Leaf Water Relations in Lime Trees Grown under Shade Netting and Open-Air

Plants (Basel). 2020 Apr 15;9(4):510. doi: 10.3390/plants9040510.


Physiological plant water status indicators are useful for managing precision irrigation in regions with limited water resources. The aim of this work was to evaluate the effect of shade netting on the diurnal and seasonal variations of several plant water status indicators in young lime trees (Citrus latifolia Tan., cv. Bearss), grown at the CEBAS-CSIC experimental station in Murcia, Spain. Stem water potential (Ψstem), leaf gas exchange (net photosynthesis (Pn) and stomatal conductance (gs)), and canopy temperature (Tc) were measured on representative days of winter and summer. The Ψstem daily pattern was quite similar in both seasons under both conditions. However, the circadian rhythm of leaf gas exchange was affected by shade conditions, especially in summer, when shaded leaves showed maximum gs values for a longer time, allowing higher net photosynthesis (37%). Canopy temperature behaved similarly in both conditions, nevertheless, lower values were recorded in open-air than in shaded trees in the two seasons. The canopy-to-air temperature difference (Tc-Ta), however, was lower in shaded trees during the daylight hours, indicating the higher degree of leaf cooling that was facilitated by high gs values. The possibility of continuously recording Tc makes it (or the proposed canopy thermal index, CTI) a promising index for precise irrigation scheduling. Shade netting was seen to favour gas exchange, suggesting that it may be considered alternative to open-air for use in semi-arid areas threatened by climate change.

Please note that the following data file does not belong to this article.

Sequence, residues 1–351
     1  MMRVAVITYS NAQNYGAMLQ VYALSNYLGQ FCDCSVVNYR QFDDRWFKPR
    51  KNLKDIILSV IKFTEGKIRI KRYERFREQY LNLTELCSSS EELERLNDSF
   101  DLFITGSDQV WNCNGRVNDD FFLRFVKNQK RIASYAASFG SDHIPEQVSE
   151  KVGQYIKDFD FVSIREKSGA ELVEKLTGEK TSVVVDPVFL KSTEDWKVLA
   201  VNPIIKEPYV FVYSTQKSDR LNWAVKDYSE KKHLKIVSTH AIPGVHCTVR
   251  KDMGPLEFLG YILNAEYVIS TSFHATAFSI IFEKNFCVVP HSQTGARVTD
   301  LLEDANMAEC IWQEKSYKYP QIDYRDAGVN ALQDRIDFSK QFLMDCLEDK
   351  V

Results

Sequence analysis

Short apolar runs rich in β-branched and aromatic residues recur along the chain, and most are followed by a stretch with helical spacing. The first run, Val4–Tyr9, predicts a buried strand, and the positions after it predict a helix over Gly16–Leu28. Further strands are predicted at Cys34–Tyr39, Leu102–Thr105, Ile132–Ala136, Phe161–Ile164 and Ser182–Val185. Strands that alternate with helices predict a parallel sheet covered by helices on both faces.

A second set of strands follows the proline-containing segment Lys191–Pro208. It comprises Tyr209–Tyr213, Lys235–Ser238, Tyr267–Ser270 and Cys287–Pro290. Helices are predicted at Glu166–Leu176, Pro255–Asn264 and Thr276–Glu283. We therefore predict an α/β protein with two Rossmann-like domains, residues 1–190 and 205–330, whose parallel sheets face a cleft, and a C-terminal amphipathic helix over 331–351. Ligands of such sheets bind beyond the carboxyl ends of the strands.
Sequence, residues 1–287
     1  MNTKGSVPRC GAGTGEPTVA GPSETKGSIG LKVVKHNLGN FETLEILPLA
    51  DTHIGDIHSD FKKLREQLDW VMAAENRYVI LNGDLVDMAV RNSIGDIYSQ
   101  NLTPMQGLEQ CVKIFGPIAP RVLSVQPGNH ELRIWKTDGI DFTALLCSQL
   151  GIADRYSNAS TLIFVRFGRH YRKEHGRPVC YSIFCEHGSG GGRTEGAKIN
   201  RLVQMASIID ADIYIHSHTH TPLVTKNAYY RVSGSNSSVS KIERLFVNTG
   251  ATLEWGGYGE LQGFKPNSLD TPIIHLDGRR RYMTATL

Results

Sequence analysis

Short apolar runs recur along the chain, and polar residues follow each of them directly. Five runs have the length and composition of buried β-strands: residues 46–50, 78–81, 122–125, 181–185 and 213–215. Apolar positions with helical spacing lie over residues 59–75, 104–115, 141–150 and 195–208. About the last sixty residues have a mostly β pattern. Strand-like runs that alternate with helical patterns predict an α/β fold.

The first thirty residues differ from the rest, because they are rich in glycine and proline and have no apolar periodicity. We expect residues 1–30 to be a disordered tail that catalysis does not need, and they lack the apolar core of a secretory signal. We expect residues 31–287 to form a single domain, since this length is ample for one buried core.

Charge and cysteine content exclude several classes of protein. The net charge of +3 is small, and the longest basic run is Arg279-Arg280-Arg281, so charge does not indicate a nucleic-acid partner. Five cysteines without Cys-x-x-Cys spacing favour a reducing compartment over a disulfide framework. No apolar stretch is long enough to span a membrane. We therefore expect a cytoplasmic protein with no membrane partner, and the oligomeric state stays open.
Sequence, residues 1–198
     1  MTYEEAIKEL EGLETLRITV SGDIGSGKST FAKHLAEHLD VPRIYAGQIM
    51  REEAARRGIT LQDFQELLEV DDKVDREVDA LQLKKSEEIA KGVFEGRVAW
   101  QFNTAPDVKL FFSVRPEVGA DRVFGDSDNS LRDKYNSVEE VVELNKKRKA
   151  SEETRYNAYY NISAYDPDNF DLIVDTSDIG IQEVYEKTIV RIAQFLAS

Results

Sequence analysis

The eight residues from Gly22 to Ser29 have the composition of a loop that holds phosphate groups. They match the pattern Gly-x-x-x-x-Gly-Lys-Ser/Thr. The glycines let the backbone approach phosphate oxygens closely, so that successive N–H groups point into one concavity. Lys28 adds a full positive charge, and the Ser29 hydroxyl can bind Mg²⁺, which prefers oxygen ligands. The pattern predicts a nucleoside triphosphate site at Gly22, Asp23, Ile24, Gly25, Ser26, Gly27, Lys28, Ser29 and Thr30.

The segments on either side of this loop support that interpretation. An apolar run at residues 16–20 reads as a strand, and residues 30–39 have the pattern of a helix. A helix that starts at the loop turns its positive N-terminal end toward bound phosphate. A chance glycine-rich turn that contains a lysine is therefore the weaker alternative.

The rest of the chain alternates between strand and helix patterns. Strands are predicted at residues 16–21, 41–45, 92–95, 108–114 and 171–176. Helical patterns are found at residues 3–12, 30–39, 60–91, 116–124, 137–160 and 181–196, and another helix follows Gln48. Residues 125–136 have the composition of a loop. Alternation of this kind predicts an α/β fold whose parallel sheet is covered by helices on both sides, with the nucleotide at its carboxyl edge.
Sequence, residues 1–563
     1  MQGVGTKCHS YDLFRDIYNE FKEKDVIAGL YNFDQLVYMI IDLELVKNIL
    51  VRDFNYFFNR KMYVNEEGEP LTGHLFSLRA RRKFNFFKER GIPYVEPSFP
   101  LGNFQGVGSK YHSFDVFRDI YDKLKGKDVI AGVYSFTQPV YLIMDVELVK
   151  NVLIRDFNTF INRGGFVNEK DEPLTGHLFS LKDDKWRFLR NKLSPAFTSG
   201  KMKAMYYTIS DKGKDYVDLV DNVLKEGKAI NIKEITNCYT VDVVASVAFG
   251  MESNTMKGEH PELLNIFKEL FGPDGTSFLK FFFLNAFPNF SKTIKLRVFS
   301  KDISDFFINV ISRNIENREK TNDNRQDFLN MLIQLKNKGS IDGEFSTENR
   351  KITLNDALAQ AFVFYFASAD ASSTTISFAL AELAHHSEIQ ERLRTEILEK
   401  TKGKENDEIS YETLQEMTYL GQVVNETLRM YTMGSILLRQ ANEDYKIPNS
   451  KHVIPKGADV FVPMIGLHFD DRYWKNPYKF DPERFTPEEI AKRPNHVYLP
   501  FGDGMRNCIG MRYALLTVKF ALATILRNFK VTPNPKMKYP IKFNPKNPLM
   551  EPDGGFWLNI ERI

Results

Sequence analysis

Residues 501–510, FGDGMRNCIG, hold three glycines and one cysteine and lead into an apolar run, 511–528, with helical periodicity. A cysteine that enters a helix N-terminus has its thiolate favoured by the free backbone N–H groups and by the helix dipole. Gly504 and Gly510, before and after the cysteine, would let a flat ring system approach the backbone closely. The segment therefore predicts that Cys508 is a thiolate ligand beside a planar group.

Keywords: canopy temperature; drip irrigation; leaf water relations; lime trees; net house; thermal canopy index.